At risk to his life, Perrone continued to bring Levi his half-litre of potato-peel gruel. In December, however, with Stalin’s Red Army approaching, Perrone decided to set out on foot for Italy. He slept in haylofts by day, and walked westward by night, orientating himself by the stars. By the time he reached Turin in mid-May 1945, five months later, Hitler was dead and the Third Reich finished. Perrone went to see Levi’s mother, whose address he had. Ester Levi surely was startled to encounter the shy, awkward, Po valley artisan who had tidings of her son. A born desponder, Perrone told her that her son was unlikely to return alive from Auschwitz. Afterwards, he walked 80 miles to Fossano, where he was found in a field half-dead from brandy and fatigue. Secondo Perrone, the mason’s brother, told me: “When I asked Lorenzo where the hell he’d been, he refused to say and went off with a drinking crony. He didn’t want to talk about Auschwitz, what he’d seen there, to anyone.”

A burning question stalked Perrone’s homecoming: Perché io e l’altro no? Why me and not the others? His survival, when so many had died, had become his shame and it would become Levi’s, too. By a miracle, Levi made it back to Turin. In the Christmas weeks of 1945 he sought out Perrone in Fossano but, with a drunkard’s truculence, his friend told him to go away. Perrone had once been a youthful, broad-chested athlete in Italy’s crack Bersaglieri army corps but now he was a drinker with cheap grape brandy on his breath. Levi managed to find him a bricklayer’s job in Turin, but his old profession was hateful to him now. All Perrone could look forward to was the Feast of St Anne in Fossano on 26 July, when there was forgetfulness and free drink in honour of the Virgin Mary’s mother. His alcoholism was a form of suicide; Perrone was not strictly a survivor, but Levi believed he was dying slowly of the “survivor’s ­sickness”.

Fr Carlo Lenta watched in dismay as Perrone sold quantities of scrap metal in the snow on the streets of Fossano without an overcoat, his face blue. “In the end, Lorenzo contrived his own abandonment, no one could save him – not even Primo Levi.” Perrone had taken to sleeping off his hangovers in hedgerows and icy ditches; one night he fell in with an ex-policeman who was homeless and, it turned out, tubercular. Perrone invited him home for more drink. The policeman slept rough on the floor with Perrone’s five brothers and sisters. Inevitably Perrone’s ­alcoholism made him susceptible to the ­tuberculosis and within weeks he had begun to cough blood. Concerned, Levi referred Perrone to Savigliano Hospital outside Fossano, where he knew a doctor. There Levi bought Perrone wool jumpers, a new pair of winter trousers, and sat by his bed holding his hand. Perrone had begun to hallucinate rats and lions and, according to his brother Secondo, “winged beasts” out of Dante. Briefly, hospital looked like his salvation, but Perrone kept running away in search of alcohol. After six months in and out of the ward, he was found moribund in a ditch: his liver had shut down.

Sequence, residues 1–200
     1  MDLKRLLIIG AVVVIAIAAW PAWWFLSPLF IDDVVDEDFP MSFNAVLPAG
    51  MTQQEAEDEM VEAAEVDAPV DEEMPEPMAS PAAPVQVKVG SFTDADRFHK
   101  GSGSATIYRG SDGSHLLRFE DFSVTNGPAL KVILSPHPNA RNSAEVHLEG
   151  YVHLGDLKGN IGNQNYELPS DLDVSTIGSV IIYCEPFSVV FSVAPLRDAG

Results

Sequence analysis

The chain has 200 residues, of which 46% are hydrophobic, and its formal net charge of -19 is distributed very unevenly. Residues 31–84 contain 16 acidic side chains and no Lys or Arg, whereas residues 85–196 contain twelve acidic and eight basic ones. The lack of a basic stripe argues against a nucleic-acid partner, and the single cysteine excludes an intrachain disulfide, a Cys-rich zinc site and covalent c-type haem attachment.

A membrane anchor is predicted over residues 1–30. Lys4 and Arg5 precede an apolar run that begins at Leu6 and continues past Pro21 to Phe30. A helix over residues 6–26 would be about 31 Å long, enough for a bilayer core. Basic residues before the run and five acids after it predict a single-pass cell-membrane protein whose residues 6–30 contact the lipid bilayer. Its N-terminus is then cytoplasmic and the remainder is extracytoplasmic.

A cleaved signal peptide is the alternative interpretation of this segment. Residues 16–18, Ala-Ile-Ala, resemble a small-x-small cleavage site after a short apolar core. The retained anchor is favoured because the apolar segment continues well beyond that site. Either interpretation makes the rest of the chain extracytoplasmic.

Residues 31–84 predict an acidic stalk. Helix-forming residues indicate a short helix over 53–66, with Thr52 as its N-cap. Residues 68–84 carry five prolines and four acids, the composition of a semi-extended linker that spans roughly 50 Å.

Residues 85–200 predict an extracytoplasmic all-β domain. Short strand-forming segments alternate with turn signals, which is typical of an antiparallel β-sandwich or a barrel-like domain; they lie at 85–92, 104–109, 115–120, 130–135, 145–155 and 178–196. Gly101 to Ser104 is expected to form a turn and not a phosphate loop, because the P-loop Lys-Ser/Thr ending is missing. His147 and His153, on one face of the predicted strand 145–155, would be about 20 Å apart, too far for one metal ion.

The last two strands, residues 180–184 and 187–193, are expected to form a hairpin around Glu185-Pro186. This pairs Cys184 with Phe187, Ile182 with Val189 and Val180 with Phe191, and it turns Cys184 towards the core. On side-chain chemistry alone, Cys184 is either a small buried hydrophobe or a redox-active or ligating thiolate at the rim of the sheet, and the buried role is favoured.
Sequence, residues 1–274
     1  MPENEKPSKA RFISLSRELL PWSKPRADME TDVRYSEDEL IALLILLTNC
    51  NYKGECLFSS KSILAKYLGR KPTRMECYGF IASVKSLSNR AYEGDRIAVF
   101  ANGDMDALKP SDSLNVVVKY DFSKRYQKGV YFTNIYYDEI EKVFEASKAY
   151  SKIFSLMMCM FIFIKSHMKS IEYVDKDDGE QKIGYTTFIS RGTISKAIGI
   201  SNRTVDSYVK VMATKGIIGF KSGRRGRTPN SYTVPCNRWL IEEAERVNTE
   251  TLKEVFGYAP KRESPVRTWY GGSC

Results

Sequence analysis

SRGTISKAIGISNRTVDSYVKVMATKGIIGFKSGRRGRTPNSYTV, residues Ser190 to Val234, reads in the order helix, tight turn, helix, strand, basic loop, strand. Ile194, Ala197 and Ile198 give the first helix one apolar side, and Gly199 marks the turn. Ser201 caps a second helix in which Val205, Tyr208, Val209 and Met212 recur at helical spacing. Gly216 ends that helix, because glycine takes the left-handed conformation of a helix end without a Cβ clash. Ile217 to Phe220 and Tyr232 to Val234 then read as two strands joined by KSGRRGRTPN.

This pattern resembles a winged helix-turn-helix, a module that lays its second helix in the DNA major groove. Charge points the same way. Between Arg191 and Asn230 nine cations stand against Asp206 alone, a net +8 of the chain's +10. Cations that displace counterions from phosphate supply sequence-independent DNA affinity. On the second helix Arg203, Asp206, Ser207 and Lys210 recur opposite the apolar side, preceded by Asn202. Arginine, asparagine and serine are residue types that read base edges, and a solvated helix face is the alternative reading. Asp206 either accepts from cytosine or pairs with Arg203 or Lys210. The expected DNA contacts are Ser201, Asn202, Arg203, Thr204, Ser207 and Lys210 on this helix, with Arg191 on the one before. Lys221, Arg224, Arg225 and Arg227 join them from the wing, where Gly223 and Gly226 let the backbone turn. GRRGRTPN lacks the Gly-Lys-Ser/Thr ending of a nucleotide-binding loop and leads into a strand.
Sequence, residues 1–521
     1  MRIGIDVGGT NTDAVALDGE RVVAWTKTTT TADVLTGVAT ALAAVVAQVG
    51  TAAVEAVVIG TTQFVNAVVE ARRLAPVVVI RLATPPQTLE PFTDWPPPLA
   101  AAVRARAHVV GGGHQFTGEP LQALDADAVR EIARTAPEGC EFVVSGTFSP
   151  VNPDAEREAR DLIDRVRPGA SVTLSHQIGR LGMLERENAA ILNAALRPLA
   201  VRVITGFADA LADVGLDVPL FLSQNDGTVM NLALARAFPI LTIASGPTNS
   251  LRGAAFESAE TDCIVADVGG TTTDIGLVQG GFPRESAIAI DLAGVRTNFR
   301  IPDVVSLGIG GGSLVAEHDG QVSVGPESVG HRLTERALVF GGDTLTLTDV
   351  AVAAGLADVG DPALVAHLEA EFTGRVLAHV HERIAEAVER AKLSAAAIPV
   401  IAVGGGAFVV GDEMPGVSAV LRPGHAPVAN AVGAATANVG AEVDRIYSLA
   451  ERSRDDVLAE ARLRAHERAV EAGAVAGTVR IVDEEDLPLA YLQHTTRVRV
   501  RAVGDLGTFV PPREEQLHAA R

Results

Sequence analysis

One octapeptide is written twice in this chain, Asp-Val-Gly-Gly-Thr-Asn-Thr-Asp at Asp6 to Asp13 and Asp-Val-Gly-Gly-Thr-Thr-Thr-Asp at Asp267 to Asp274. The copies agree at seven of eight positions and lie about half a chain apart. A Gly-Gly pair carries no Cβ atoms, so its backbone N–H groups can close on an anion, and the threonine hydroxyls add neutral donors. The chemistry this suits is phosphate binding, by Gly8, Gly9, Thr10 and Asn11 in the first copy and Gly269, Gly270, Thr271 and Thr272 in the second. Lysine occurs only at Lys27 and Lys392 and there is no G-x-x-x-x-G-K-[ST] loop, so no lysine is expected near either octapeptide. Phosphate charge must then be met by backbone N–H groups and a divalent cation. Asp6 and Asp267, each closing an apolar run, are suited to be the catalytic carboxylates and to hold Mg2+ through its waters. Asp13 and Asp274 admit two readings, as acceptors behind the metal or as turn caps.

He died in the hospital in the early hours of 30 April 1952, aged 48. Cause of death: “Tuberculosis complicated by bronchial pneumonia” and alcoholism. A wake was held in Fossano at 14 Via Michelini, where the mason was born (and where a plaque has yet to go up), followed by obsequies in San Giorgio parish church. Half the townspeople came to pay their respects that Easter month as Levi told the mourners: “I believe that it is really due to Lorenzo that I am alive today.” The dead man’s five siblings, Caterina, Giovanna, Giovanni, Michele and Secondo, stood in silence as Levi placed flowers by the open ­coffin. For some months afterwards, Levi was pale and grieving.

Perrone said he could no longer believe in God after Auschwitz, but he retained a “sense of religion, a pity for the downtrodden”, Fr Lenta told me. In 1986, shortly before he took his own life, Primo Levi commended Lorenzo Perrone as “really a sort of saint”, who neither asked for nor accepted any reward for his charity.

Holocaust Memorial Day was on 27 January.

Ian Thomson is the author of an acclaimed biography of Primo Levi; his latest book, Dante’s Divine Comedy: A Journey Without End, is published by Head of Zeus.